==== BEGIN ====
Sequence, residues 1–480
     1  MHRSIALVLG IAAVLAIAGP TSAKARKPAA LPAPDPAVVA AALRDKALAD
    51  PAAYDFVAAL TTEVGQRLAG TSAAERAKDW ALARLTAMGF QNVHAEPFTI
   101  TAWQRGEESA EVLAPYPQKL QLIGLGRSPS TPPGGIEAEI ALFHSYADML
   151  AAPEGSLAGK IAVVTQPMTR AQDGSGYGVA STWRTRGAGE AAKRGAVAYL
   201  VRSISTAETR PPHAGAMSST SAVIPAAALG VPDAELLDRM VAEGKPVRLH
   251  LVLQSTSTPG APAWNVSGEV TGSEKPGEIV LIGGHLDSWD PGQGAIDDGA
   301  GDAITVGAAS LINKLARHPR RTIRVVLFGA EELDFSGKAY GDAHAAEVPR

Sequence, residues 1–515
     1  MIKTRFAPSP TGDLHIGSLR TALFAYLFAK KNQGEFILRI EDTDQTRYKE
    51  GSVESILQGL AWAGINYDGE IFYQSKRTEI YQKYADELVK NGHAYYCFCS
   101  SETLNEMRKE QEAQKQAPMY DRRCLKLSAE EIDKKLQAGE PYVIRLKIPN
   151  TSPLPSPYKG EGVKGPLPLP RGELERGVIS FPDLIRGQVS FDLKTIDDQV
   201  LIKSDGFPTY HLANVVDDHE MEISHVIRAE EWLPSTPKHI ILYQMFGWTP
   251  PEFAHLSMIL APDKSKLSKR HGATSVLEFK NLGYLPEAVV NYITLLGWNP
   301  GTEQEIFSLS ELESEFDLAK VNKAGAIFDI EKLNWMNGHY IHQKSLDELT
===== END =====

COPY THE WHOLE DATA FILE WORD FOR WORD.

Sequence, residues 1–480
     1  MHRSIALVLG IAAVLAIAGP TSAKARKPAA LPAPDPAVVA AALRDKALAD
    51  PAAYDFVAAL TTEVGQRLAG TSAAERAKDW ALARLTAMGF QNVHAEPFTI
   101  TAWQRGEESA EVLAPYPQKL QLIGLGRSPS TPPGGIEAEI ALFHSYADML
   151  AAPEGSLAGK IAVVTQPMTR AQDGSGYGVA STWRTRGAGE AAKRGAVAYL
   201  VRSISTAETR PPHAGAMSST SAVIPAAALG VPDAELLDRM VAEGKPVRLH
   251  LVLQSTSTPG APAWNVSGEV TGSEKPGEIV LIGGHLDSWD PGQGAIDDGA
   301  GDAITVGAAS LINKLARHPR RTIRVVLFGA EELDFSGKAY GDAHAAEVPR

Sequence, residues 1–515
     1  MIKTRFAPSP TGDLHIGSLR TALFAYLFAK KNQGEFILRI EDTDQTRYKE
    51  GSVESILQGL AWAGINYDGE IFYQSKRTEI YQKYADELVK NGHAYYCFCS
   101  SETLNEMRKE QEAQKQAPMY DRRCLKLSAE EIDKKLQAGE PYVIRLKIPN
   151  TSPLPSPYKG EGVKGPLPLP RGELERGVIS FPDLIRGQVS FDLKTIDDQV
   201  LIKSDGFPTY HLANVVDDHE MEISHVIRAE EWLPSTPKHI ILYQMFGWTP
   251  PEFAHLSMIL APDKSKLSKR HGATSVLEFK NLGYLPEAVV NYITLLGWNP
   301  GTEQEIFSLS ELESEFDLAK VNKAGAIFDI EKLNWMNGHY IHQKSLDELT